3. I think you nailed it: the much discussed argument suffers from a lack of imagination in large part. My intuition is that the latest round of political correctness and nit-picking of common phrases/constant reminders of privilege stems from the successes of recent protest living out their utility for the mainstream media, while the urge to continue challenging power in all its forms cannot be squashed. The imagination that sparked the reawakening of vocal discontent has been hushed, but the bodily urgency and intensified affects remain. And I agree with Adam Roberts on the point of the levers analogy; we wonder why Trump can galvanize so many when people’s blood heats up over these questions of identity and identity play that are thrusters upon a general population that predictably contains roughly half of people who self-identify with traditional labels and practices. The problem is not that a challenge at all is presented, but the force and heat of the debate that you rightly “call out” for its lack of imagination. The demand is voiced without regard for tempo.

  4. Isn’t the debate about content notes, trigger warnings and safer spaces etc. already entangled with other attempts to change the world? All the safer spaces policies I’ve encountered (admittedly none of them on campus) have been in activist groups trying to create an environment where people can actually get political work done, and in the UK at least it seems like debates around free speech and no-platforming etc. have flared up around student activism that is very far from exclusively focused on issues of language.

  5. In fact, I would go so far as to suggest that my experience of these debates within a UK context is that the outrage over threats to free speech is so damaging partly because it functions precisely to distract from other political struggles: right wing commentators get enraged about threats to free speech and, for example, ignore universities calling the cops on students occupying campus buildings in protest at fee rises.

  6. “Isn’t the debate about content notes, trigger warnings and safer spaces etc. already entangled with other attempts to change the world?”

    Yes, I hoped that was implicit. I’m not trying to set up a false dichotomy between action and discourse.

  7. Bah. If you wanna see outrage culture, just say “Patriotism is stupid” on television and watch the outrage pour out. You’ll soon have calls for “reminding young people of what it is they should be grateful for.”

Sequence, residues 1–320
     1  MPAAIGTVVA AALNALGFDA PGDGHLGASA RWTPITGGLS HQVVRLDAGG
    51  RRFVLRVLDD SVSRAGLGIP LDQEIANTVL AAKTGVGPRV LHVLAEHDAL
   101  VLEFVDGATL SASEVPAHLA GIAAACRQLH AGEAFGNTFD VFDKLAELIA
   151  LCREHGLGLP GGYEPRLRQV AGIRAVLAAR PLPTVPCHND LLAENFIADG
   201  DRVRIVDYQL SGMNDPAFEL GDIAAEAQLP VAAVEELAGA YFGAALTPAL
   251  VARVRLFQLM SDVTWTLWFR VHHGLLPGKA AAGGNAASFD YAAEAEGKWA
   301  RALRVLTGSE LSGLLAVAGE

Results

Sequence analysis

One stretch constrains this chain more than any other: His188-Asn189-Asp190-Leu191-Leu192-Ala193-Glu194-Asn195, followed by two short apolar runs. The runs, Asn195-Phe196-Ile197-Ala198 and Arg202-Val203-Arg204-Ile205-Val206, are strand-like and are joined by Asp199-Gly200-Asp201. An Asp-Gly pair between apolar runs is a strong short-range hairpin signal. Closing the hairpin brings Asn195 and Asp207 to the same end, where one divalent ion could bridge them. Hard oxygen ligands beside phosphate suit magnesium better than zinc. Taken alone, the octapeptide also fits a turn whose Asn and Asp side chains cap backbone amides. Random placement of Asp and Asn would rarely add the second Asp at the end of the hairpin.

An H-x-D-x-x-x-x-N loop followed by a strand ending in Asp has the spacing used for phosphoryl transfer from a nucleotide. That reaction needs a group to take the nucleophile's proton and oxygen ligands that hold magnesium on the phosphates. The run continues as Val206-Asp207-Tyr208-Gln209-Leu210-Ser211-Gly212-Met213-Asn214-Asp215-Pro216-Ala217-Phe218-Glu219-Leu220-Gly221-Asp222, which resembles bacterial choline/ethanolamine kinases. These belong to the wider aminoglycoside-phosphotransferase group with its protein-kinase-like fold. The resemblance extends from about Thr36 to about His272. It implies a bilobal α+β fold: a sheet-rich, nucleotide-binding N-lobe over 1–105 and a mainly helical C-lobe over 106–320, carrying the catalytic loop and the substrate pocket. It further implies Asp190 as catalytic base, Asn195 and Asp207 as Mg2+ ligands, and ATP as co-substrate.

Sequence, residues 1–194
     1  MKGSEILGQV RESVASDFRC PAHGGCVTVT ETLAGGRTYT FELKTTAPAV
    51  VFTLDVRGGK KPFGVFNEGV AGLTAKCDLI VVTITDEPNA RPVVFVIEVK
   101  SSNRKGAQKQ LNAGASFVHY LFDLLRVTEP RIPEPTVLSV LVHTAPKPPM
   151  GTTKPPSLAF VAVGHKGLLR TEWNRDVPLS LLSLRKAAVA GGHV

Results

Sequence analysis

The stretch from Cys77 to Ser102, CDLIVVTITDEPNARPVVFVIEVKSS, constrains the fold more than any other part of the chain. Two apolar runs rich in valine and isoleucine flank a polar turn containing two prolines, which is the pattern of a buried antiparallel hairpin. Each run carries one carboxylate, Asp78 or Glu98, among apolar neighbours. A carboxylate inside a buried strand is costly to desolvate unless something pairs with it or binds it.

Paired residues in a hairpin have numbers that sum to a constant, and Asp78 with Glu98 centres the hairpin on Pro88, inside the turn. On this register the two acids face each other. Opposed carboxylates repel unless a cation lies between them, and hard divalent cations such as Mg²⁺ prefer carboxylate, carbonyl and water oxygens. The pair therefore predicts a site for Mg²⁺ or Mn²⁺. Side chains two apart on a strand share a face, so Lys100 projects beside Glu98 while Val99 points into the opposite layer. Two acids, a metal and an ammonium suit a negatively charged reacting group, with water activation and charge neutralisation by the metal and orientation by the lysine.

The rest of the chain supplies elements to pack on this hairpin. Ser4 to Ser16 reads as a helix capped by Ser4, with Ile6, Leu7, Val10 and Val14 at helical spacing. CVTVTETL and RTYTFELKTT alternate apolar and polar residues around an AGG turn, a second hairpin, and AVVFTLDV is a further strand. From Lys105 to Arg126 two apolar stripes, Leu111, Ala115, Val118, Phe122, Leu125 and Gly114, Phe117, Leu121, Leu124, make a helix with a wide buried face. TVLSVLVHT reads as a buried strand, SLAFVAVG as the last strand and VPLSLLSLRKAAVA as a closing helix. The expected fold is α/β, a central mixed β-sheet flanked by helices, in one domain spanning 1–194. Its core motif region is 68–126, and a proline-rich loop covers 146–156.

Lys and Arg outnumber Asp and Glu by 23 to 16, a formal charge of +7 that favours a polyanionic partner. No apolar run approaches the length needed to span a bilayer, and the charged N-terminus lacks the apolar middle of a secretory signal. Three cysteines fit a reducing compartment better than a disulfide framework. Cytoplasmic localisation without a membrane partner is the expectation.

I’ll take a clumsy 19 year old over that any day of the week. The 19 year old is still developing their ideas. The grown man who won’t shut up about how he has a job, unlike all these entitled millenials, is probably about to hit middle age and unlikely to grow beyond his current incarnation of giant blowhard.

    Coincidentally: “What prospect opens up for humanity once I finally train myself to stop saying “you guys”?”

    Well, we won’t sound like an extra in a bad mafia movie. That’s something, I think

  8. I guess it sounded like you were suggesting that SJWs who are making a fuss about language aren’t also having conversations about other aspects of politics or political vision, and were focusing on changing the way we talk at the expense of thinking and acting and talking about how we should live. Have I misread you?

  9. Boo: The traditional mafia pronunciation is “youse guys.” “You guys” is a common alternative to “you all” in Midwestern American English that has no mobster connotations.

  10. I would also add that much of the “politically correct” shaming occurs among students who are not really engaged in activism — a real phenomenon that is ridiculously exaggerated in the anti-PC critique literature. It has actually become kind of a lingua franca among students to attempt to signal “wokeness” without doing much other work. And no, I do not intend to say that these students are as important or potentially harmful as the anti-PC polemics make them out to be. Hence why I led with the sense of proportion thing.

  11. I guess I haven’t encountered that phenomenon, which of course isn’t to say that it doesn’t exist, but I’ve seen e.g. people I know to be engaged in offline activism be accused of only caring about language just because they don’t talk about that activism much online!